Finch LRT plan passed by Toronto council, now waiting on Provincial government approval
by David Ros
According to Toronto city council, a light rail transit (LRT) line will be coming to Finch Ave., W despite the Mayor's objections.
City council has voted three times in recent weeks to build LRT projects along Eglinton Ave., and Sheppard Ave., E as well as the aforementioned Finch line. Right now, the only thing standing in the way of work actually beginning on these projects is for Metrolinx – the provincial government organizing body which provides funding for transportation projects in the GTA – to give its stamp of approval, said Councillor Anthony Perruzza, (Ward 8- York West).
“Now it's really in the hands of Metrolinx, because ultimately, they are the ones who are going to pay for the transit expansion,” Perruzza said. “They're going to look at it and we're hoping and I'm hoping that they will take the city council position and the city council adopted plan and fund that, because that's the way our democracy works here, the majority of the council decided to proceed in this way.”
These votes came despite the objections of Mayor Rob Ford who campaigned on getting rid of Transit City which consisted of LRT projects that had been approved under the administration of the previous mayor David Miller, in favour of building more subways.
Following the vote, Ford and his allies have vowed to continue the fight to scrap the LRT projects along Finch Ave., W and Sheppard Ave., E and instead, extend the Sheppard subway line all the way to Scarborough Town Centre. Under Ford's plan, there still would be an LRT line built along Eglinton Ave., but the majority of the line would be buried underground all the way from Black Creek Dr., to the end of the line.
However Perruzza said that since coming into office, Ford has confused the process by putting forth his subway plan, and this has caused a delay in the city's transit expansion.
“I think the mayor's position throughout this whole process is to basically put everything on standstill in Toronto, because it has confused the heck out of everybody, because Metrolinx had taken a position, the provincial government had taken a position and the city of Toronto had taken a position and we all had understandings and engineering work done and everything about how we were going to evolve transit in the city of Toronto,” Perruzza said. “Along comes the mayor with his new plan which basically hadn't been looked at by anyone, anywhere and then first announced the plan and then tried to get the paperwork to give his plan a credible basis and that didn't happen, he couldn't generate it and he couldn't get the [financial] numbers to work.”
Perruzza said that while he does prefer subways to LRT as a mode of transit, the city just does not have the funds to be able to make this a reality.
While it costs roughly $300 million to build a kilometre of subway, a kilometre of LRT, at surface, could be built at one third of the cost. In addition, LRT costs less to maintain than subways, and while it still accommodates up to 25,000 passengers an hour, as opposed to the 40,000 passengers a subway line would accommodate.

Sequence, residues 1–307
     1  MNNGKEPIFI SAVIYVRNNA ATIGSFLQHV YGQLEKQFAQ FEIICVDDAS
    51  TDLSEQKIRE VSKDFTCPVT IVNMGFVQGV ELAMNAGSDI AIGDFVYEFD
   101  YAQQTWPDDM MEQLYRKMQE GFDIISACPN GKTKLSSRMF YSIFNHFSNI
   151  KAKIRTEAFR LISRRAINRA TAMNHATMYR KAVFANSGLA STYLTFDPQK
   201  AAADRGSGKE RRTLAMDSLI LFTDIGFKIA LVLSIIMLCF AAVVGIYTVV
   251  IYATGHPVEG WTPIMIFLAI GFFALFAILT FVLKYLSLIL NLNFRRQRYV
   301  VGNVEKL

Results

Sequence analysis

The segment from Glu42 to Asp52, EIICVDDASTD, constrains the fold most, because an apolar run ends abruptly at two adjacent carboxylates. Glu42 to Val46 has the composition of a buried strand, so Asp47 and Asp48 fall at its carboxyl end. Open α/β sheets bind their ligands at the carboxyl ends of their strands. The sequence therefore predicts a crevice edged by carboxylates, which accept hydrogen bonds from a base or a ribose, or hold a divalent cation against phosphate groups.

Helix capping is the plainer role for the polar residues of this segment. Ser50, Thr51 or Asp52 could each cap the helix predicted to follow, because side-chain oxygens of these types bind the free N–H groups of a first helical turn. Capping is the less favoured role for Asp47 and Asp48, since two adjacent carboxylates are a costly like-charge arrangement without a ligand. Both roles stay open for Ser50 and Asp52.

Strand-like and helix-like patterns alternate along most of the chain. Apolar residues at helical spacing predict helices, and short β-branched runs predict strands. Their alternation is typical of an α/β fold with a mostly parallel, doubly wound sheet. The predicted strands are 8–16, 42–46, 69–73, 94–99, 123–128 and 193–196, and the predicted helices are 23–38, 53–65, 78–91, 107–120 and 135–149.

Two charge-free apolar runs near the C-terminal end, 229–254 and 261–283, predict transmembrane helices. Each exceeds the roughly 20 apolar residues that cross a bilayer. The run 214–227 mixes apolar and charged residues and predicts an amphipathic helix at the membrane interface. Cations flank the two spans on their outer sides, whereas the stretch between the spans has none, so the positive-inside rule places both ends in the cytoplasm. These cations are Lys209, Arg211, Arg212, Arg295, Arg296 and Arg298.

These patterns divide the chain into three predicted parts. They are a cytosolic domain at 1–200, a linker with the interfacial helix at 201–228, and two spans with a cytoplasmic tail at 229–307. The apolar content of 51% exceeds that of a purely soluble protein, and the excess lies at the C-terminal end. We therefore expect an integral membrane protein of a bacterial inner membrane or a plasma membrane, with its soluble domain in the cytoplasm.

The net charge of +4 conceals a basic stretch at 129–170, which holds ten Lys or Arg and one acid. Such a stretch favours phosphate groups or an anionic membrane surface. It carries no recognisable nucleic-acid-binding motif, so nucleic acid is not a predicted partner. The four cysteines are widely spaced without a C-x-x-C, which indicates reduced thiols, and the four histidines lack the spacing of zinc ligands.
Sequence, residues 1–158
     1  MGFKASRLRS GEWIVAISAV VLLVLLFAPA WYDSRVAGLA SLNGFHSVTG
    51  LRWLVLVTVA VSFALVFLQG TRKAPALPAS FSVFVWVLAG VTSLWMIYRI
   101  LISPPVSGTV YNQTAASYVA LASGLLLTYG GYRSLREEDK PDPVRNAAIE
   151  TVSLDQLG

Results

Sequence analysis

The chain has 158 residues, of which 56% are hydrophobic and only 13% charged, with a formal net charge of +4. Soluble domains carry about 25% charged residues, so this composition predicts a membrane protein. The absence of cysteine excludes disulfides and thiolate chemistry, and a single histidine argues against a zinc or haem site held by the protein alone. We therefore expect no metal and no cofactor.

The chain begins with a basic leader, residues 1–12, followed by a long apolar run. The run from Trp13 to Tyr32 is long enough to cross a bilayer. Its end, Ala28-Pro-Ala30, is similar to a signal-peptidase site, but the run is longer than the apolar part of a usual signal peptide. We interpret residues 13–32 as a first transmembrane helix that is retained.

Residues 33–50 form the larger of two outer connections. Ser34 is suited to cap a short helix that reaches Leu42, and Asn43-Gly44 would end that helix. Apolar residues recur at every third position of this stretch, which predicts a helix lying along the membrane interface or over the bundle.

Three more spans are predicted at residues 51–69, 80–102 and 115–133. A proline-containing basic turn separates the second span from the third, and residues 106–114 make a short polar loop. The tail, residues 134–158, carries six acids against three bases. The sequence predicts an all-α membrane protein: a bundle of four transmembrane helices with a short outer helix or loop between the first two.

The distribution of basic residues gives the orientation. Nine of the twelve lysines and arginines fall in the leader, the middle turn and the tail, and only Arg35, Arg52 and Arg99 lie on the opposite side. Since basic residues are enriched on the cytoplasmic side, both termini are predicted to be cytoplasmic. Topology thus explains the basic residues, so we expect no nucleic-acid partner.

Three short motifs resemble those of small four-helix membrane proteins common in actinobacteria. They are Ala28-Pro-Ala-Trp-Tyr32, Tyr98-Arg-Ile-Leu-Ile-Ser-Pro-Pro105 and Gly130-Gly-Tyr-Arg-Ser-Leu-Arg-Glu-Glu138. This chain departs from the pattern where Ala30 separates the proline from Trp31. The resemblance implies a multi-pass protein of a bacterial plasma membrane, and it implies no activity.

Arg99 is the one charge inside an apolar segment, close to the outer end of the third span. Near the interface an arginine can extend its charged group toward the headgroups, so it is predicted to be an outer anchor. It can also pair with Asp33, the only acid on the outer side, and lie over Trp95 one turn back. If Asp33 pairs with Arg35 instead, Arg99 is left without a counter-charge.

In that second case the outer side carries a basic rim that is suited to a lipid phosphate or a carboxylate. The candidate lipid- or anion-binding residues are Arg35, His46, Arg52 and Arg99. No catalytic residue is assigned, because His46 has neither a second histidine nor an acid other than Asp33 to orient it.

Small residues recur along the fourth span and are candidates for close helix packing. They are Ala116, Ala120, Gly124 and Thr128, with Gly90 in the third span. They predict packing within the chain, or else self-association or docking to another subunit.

Perruzza added that while rapid transit routes are required along Finch, Eglinton, and Sheppard, none of those routes would generate the heavy volume of traffic that a subway is designed to transport, and this is another reason why LRT would provide a more viable solution.
“I know the mayor keeps saying 'Subways, subways, subways,' but he also has to say 'Money, money, money' and the two have to go hand in hand,” Perruzza said. “I mean, I'd like to have a race horse, but if I don't have the money to buy a race horse and no one's going to buy me a race horse, I'm not going to have one.”
Perruzza took the time to explain the LRT plan to a group of concerned York West citizens at an Action for Neighbourhood Change (ANC) meeting held at Brookview Middle School on Mar. 28, arguing that despite the attacks of many of the opponents of LRT, an LRT line along Finch Ave., W would be a great thing for the community.
“I think it's a great opportunity for us to make Finch Avenue work for cars, trucks and transit,” Perruzza said. “It gives us a great opportunity to turn an otherwise suburban road into a wonderful urban avenue. It gives us an opportunity to beautify the street and really, what it will also provide is a quick, reliable, consistent comfortable transit for the transit users of Finch Ave., and connect this community to the rest of the city and the downtown in a way that we've never been connected before.”
The Finch Ave., LRT would begin at Humber College and go all the way to Keele St., connecting with the York-University-Spadina subway line at Finch West Station.
If the LRT is built, Finch Ave. W., would be widened in order to make room for the dedicated LRT lanes in the centre of the road. Perruzza also noted that Finch Ave would not have any lane reductions for cars.